I finished The Fall Colored Scarf (sooo fluffy!!!). I speed-knit a pair of socks for my godson in California – it needed to happen because my husband was going there on business and actually went to see our folks on his day off, yay! I made my goddaughter in Frankfurt a pair of Rainbow Socks for Christmas, and am making another pair for her older sister – alas, shoe size 39, little girls no more… and I’m really proud of my ingenuous little lady whom I helped make that bracelet at my son’s school’s Winter Bazaar. She chose the color scheme, and may I say she chose really well.


I also bought some yarn, cool stuff to make new gauntlets, as I managed to shrink these to a degree that my daughter of eight is now their proud owner:


Last but not least, I just submitted the translation of the second novel in Santino Hassell’s Five Boroughs Series, Sunset Park. Needless to say, I was immersed in a really intense round of final editing for a week. And now I’m done, and I finally feel I managed to capture the two protagonists‘ tones of voice. The story’s written from both of their points of view, and both of them have a very distinct way of speaking (even in their own heads). It wasn’t easy to transpose them into German where nobody speaks quite like a Puerto-Rican dude from the hood… The book is also very very funny, which was a challenge in and of itself.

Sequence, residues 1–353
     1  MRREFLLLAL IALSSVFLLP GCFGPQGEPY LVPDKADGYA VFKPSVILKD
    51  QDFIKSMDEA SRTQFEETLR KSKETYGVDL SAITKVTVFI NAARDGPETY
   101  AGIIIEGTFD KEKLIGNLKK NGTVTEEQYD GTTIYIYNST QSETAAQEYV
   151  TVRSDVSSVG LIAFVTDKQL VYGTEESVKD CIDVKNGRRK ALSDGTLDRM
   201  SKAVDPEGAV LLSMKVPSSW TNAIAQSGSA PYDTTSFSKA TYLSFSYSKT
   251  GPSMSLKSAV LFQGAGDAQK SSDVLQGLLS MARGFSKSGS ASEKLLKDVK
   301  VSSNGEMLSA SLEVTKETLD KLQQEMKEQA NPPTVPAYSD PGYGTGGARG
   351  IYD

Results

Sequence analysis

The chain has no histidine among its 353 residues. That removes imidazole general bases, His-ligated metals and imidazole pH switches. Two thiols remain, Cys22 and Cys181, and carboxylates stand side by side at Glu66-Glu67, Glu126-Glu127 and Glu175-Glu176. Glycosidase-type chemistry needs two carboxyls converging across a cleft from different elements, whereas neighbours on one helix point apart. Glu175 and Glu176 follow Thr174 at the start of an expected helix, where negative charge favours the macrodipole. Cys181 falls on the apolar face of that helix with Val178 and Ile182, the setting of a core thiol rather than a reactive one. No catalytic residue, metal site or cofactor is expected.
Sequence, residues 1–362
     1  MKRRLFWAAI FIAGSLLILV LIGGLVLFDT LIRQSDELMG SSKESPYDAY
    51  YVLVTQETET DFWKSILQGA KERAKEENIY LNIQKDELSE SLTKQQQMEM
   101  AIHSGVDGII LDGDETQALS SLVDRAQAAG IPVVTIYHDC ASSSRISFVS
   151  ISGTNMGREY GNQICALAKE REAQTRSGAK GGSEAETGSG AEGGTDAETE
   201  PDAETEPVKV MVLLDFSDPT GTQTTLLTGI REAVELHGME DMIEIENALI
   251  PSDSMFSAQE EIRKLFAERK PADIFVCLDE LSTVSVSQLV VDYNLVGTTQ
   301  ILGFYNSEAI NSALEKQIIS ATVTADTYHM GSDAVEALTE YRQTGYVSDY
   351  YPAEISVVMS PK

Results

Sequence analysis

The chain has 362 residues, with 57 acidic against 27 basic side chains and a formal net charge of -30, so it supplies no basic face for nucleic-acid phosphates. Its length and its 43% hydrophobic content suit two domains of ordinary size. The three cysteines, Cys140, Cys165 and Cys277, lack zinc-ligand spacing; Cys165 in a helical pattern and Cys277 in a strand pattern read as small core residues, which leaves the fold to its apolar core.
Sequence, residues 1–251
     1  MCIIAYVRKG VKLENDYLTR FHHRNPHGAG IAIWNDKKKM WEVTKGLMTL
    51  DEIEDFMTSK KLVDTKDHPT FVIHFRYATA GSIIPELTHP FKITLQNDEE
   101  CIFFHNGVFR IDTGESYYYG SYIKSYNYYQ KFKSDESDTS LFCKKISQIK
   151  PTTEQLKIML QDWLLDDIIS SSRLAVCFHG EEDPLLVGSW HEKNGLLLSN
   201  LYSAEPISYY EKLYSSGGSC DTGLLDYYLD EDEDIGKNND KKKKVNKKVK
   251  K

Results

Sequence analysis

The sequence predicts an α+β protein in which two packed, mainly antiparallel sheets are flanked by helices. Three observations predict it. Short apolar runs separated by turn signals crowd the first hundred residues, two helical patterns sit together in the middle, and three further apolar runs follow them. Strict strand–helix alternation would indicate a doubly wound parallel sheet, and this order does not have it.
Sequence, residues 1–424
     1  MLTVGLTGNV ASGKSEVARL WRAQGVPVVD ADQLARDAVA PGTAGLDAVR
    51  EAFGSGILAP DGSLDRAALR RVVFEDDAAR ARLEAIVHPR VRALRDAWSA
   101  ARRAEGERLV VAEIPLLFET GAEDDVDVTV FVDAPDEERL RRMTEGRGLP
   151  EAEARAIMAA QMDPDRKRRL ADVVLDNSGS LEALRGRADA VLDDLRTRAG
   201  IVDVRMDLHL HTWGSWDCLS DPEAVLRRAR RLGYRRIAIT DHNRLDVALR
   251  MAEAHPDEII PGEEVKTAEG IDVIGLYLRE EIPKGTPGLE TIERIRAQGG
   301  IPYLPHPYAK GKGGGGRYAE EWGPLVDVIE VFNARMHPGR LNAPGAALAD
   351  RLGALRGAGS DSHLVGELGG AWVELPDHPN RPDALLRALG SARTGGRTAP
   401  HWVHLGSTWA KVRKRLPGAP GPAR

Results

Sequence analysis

If you’re into gay romance at all, I highly recommend the whole series. I consider myself very lucky to be working on something I’m a fangirl of, even if I felt like smacking the main characters over the head more than once over the course of the book (as a fangirl more than as a translator, obviously). Those two, I swear  … but everything ends well, as it absolutely should in a romance novel ;-).

Can you believe it’s that time of the year again?


Lovely wreath, don’t you think? I had help this time, which is why it doesn’t look quite as scruffy as my wreaths usually do – thanks a lot, dear B.!